Moreno’s approval rating tumbles as popular concern grows over border violence

May 1, 2018

According to a new poll, President Lenin Moreno’s job approval rating has dropped almost 30 percent a year after he took office. In a polling conducted two weeks ago, the Cedatos / Gallup organization shows the president’s popularity at 45.5 percent, down from a sky high 77 percent shortly after his election in 2017.

President Lenin Moreno

Much of the drop, according to poll takers, can be attributed to public worries about drug trafficking violence on Ecuador’s northwestern border with Colombia. By an overwhelming 88.4 percent, Ecuadorians say they are “very concerned” about the border situation that has led to the deaths of four marines and three journalists in recent weeks. Only 22 percent say the government is handling the situation effectively.

Other factors also contribute to Moreno’s decline, experts say, including a slow economic recovery and general weariness over corruption scandals.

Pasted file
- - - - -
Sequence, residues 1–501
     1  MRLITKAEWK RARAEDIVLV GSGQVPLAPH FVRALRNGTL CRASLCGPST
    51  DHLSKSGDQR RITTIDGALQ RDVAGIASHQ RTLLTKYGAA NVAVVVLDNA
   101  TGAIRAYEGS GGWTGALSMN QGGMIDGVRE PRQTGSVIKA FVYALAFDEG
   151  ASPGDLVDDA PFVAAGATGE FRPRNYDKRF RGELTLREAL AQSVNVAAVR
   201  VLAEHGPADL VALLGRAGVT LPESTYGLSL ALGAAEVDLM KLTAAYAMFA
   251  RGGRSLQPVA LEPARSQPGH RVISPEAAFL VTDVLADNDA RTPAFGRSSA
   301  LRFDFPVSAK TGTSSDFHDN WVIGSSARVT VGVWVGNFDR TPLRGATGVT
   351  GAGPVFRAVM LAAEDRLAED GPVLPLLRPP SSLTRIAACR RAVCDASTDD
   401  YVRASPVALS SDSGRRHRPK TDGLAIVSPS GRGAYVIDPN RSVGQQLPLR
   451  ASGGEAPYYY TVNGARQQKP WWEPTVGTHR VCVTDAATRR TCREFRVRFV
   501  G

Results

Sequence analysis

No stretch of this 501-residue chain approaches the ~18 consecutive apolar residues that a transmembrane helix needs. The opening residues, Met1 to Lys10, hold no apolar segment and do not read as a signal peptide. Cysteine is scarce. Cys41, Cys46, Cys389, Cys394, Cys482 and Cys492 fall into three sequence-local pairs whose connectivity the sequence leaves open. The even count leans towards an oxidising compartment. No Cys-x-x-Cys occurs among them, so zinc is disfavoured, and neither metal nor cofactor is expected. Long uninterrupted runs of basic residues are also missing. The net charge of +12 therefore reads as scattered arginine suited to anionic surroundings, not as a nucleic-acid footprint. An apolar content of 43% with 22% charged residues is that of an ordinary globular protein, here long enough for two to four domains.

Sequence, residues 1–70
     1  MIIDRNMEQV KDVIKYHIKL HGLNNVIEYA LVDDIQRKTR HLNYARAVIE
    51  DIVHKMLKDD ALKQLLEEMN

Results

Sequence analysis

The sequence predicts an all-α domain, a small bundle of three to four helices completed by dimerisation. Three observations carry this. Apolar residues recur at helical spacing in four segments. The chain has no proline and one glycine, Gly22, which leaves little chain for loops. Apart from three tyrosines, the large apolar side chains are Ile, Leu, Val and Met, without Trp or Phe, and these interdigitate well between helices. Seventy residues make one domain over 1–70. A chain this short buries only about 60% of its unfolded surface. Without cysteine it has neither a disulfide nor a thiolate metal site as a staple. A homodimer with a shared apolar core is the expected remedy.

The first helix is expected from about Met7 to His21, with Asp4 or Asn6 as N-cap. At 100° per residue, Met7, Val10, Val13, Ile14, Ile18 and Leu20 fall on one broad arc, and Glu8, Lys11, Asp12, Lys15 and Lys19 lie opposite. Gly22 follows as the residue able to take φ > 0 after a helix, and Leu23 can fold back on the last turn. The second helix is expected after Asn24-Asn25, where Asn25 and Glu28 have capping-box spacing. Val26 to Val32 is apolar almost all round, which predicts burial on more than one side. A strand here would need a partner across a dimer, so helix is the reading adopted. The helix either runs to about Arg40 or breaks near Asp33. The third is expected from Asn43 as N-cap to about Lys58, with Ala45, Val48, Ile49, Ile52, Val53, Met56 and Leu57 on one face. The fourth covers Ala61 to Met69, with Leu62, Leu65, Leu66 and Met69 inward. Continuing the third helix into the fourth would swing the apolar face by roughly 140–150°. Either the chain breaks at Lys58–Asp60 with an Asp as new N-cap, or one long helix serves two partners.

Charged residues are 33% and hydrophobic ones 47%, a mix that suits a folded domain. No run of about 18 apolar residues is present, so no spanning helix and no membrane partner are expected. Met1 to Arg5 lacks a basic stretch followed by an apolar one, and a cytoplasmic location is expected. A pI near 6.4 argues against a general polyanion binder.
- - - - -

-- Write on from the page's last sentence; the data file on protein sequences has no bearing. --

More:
“There is the perception that the government has not handled the border situation very well,” says Rafael Cordova, a Quito political analyst and adjunct economics professor at the University of San Francisco. “The communication from the government to the public was very poor in the kidnapping and murders of the El Comercio journalists, and some information was withheld for reasons that seem inexplicable. Although Moreno has limited control over much of what is happening in the broder region — it is mostly spill-over from Colombia — he has appeared indecisive to the Ecuadorian public.”

Article continues below graphic.

Credit: Cedatos

Another factor in the president’s falling popularity, Cordova says, is the perception that Moreno has relied too much on criticizing former president Rafael Correa. “This strategy worked for most of 2017 and gave him a victory in the national referendum, but it wears thin today. Now, people see this as Moreno’s government and Moreno’s economy and they see few visible signs of improvement over the last three or four years of the Correa administration.”

Cordova says it’s too early to make political forecasts for the 2021 presidential election but says next year’s local elections will be telling. “At the moment, the center-right and the supporters of [Guillermo] Lasso appear most likely to benefit from Moreno’s troubles but we will wait to see how this plays out. We’re a long way from the elections.”

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